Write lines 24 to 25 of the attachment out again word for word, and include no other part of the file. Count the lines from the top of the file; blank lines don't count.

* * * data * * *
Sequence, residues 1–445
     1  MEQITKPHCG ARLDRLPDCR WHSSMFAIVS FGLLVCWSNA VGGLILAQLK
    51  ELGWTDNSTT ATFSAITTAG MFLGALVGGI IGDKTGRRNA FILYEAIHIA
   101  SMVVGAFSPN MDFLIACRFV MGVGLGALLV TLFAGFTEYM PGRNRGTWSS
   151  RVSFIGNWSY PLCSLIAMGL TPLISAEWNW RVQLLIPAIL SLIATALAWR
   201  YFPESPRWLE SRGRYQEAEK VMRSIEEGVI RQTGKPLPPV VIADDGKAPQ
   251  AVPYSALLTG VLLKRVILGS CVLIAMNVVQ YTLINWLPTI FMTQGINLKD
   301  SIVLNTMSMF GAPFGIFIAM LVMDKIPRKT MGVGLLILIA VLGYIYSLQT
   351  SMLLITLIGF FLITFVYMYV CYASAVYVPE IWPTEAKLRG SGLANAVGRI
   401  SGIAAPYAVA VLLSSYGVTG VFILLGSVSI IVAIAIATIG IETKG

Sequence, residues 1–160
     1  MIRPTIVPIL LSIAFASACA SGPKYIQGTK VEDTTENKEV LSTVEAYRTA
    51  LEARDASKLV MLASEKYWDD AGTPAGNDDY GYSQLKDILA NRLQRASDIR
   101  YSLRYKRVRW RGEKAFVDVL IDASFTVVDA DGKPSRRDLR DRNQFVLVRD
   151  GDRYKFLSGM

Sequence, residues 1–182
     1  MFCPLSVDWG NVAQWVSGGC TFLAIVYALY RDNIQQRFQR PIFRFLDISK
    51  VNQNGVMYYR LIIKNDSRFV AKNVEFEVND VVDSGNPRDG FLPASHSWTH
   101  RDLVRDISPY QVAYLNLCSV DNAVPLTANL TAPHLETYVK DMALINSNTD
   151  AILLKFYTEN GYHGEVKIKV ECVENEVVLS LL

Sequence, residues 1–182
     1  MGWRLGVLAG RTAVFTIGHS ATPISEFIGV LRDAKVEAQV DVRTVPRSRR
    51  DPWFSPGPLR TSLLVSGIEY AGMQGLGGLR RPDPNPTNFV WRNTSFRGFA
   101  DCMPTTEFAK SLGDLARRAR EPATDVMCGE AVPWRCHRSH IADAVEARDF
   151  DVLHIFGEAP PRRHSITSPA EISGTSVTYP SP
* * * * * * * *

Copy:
   101  DCMPTTEFAK SLGDLARRAR EPATDVMCGE AVPWRCHRSH IADAVEARDF
   151  DVLHIFGEAP PRRHSITSPA EISGTSVTYP SP